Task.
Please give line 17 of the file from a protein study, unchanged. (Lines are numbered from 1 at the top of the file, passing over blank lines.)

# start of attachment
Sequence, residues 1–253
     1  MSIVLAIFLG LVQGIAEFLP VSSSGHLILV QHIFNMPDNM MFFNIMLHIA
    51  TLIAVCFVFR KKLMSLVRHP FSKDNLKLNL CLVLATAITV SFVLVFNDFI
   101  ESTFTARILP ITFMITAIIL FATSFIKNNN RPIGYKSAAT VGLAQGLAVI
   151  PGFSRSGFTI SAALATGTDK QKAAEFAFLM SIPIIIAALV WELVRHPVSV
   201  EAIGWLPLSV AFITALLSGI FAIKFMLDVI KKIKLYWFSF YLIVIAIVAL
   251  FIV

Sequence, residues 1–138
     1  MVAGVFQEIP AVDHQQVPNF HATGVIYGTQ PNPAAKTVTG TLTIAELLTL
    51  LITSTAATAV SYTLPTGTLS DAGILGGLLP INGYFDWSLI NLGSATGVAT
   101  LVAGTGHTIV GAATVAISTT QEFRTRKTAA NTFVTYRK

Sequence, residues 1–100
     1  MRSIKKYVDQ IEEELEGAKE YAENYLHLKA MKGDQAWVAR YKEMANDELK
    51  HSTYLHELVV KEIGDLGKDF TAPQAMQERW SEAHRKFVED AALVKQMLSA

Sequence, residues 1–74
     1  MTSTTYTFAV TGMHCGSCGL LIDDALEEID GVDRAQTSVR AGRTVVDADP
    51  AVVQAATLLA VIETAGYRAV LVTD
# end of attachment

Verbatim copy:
    51  AVVQAATLLA VIETAGYRAV LVTD